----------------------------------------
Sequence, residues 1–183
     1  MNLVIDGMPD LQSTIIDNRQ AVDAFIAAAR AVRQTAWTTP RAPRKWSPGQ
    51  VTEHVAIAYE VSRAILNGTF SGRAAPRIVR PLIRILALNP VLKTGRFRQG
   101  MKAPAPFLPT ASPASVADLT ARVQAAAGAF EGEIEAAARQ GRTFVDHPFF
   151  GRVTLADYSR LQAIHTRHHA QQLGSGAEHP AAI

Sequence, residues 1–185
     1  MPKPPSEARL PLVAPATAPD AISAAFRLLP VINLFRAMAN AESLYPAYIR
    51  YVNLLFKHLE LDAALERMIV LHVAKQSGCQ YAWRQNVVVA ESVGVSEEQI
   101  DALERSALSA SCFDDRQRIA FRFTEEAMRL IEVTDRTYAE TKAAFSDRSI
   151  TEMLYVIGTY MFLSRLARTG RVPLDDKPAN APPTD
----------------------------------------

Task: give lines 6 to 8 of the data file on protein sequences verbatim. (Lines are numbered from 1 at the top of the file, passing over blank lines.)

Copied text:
Sequence, residues 1–185
     1  MPKPPSEARL PLVAPATAPD AISAAFRLLP VINLFRAMAN AESLYPAYIR
    51  YVNLLFKHLE LDAALERMIV LHVAKQSGCQ YAWRQNVVVA ESVGVSEEQI